THE WEEK’S OUTLOOK – CORPORATE

Items of interest that might have been missed in the press of events:

  • Apple’s latest announcements about their new product offerings included the sentiment that they planned to balance their penchant for premium products with an emphasis on value.  Along with iPhone offerings, the company also announced that its TV+ videogame and streaming service and Arcade streaming service would  be available for $4.99/month, dramatically undercutting rivals in the field.  TV+ is free for a year with purchase of a new iPhone, iPad or Mac.
  • Gap Inc.’s Old Navy is bucking a current trend in retail by announcing plans to add 800 stores.  Old Navy opened 145 stores between 2016 and 2018.  The budget brand will separate from the parent company, creating two publicly traded companies.
  • General Electric plans to net millions from sale of some assets..  The company has sold its transportation business and airplane-finance operation and is in the process of selling its biotech business to Danaher Corp for $21 billion, while at the same time beginning the selling down of its Baker Hughes holdings, giving up majority status and setting net proceeds at $2.7 billion.  CEO Larry Culp has said that he expects overall sales of assets to bring in about $38 billion in cash as the company begins its paring down of its debt load.  He added, “We know that we have a lot more to do both with respect to the balance sheet and the way we run the busiess,” (ref. WSJ).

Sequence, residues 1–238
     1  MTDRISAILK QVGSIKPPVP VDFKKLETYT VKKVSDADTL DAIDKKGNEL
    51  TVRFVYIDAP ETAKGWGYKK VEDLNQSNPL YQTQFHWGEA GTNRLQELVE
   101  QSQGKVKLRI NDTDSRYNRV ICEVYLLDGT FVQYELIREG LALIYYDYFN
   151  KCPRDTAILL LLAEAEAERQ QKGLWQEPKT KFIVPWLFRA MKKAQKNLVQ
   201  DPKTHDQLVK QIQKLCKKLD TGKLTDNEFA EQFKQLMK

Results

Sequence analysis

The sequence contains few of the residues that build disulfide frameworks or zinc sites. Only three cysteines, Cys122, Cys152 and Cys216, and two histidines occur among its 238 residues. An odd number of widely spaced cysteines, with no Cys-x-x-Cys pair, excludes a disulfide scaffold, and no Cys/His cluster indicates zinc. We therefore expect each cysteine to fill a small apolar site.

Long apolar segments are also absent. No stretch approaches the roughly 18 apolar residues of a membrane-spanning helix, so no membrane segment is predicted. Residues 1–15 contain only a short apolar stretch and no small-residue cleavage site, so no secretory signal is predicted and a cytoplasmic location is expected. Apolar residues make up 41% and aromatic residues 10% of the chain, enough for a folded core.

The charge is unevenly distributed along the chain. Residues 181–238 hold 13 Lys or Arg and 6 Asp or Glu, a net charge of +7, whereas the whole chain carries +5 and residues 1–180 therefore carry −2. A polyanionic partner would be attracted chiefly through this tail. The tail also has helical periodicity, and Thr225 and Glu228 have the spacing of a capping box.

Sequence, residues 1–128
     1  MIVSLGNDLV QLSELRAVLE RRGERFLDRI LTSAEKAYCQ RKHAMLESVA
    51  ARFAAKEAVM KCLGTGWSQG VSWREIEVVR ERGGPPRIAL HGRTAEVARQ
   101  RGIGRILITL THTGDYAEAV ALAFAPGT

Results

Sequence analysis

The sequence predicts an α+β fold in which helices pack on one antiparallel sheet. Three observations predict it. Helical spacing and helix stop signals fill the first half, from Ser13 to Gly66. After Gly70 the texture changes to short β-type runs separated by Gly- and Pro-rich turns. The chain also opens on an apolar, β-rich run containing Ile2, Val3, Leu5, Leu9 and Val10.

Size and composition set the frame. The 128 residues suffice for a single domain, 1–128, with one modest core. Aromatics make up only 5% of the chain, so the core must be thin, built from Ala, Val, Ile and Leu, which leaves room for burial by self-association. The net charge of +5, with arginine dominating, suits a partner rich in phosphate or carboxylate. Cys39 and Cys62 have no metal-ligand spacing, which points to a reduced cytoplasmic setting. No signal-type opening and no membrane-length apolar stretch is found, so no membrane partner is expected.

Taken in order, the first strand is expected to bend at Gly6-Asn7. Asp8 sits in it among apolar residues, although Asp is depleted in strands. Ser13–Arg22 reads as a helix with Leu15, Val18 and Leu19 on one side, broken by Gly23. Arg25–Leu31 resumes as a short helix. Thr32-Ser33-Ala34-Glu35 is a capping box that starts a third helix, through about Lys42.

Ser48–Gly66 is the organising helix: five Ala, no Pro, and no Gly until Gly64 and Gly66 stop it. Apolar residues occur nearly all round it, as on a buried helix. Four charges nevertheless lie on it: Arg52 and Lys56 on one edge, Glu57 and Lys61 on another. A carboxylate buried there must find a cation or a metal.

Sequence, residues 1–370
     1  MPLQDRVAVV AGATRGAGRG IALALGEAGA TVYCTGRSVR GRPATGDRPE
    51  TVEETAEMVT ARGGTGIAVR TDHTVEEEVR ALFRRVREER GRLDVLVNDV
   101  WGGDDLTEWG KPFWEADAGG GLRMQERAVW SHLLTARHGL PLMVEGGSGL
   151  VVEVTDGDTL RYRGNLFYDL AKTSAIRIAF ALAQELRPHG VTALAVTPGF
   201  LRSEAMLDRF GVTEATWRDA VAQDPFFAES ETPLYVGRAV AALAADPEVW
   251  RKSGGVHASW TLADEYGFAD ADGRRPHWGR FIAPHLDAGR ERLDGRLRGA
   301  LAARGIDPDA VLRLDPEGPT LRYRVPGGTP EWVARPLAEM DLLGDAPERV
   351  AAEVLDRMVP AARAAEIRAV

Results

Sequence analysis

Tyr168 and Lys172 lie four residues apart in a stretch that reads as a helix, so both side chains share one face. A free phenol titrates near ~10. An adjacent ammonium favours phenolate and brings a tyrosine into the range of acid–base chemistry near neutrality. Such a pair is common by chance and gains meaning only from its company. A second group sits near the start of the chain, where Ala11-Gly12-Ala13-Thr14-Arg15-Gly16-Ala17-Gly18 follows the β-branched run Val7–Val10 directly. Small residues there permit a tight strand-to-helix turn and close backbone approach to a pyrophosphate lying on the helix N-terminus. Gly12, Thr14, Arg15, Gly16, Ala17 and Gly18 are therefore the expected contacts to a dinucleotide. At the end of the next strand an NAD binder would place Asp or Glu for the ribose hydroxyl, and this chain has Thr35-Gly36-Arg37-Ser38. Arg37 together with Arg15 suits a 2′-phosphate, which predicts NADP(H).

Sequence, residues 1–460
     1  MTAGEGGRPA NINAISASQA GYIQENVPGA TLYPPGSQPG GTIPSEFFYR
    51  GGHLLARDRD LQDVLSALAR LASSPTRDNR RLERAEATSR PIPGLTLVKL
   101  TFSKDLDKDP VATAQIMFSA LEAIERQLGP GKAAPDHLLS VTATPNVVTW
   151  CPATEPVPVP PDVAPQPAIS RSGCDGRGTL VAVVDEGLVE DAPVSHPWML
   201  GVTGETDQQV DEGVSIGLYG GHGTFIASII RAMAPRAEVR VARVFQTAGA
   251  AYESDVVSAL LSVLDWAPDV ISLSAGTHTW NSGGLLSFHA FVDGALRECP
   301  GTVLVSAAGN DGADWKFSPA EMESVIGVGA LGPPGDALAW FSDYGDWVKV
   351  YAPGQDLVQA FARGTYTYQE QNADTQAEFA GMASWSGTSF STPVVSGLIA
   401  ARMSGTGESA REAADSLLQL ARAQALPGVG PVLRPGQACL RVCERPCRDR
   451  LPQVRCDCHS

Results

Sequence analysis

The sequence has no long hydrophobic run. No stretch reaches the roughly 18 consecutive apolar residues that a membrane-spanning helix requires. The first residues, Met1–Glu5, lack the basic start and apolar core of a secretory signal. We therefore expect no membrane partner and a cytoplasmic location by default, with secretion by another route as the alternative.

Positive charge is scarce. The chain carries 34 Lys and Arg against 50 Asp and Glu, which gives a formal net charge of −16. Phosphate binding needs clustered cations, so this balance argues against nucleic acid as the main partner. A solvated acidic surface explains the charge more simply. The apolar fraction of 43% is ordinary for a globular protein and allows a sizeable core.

• Kroeger Company showed a sales turnaround during last quarter, due largely to investments to draw in new customers.  CEO Rodney McMullen has said that the company’s investments in digital operations and new product lines are paying off.
  • Amazon has agreed to taking a stake in a first-of-its kind 3-story warehouse in Seattle.  The new kind of distribution center is said to reduce delivery times in congested areas to hours rather than days.  This practice is common in Asia and Europe, but the use of warehouses with multiple floors has not been used, to date, in the U.S. (ref. WSJ).  Proponents of the practice say that going vertical is necessary because it’s impossible to find 50-acre sites in the middle of a city.  It’s expected that the overall costs might be lower with the multiple-floor complex, due to lower labor and transportation expenses.

 

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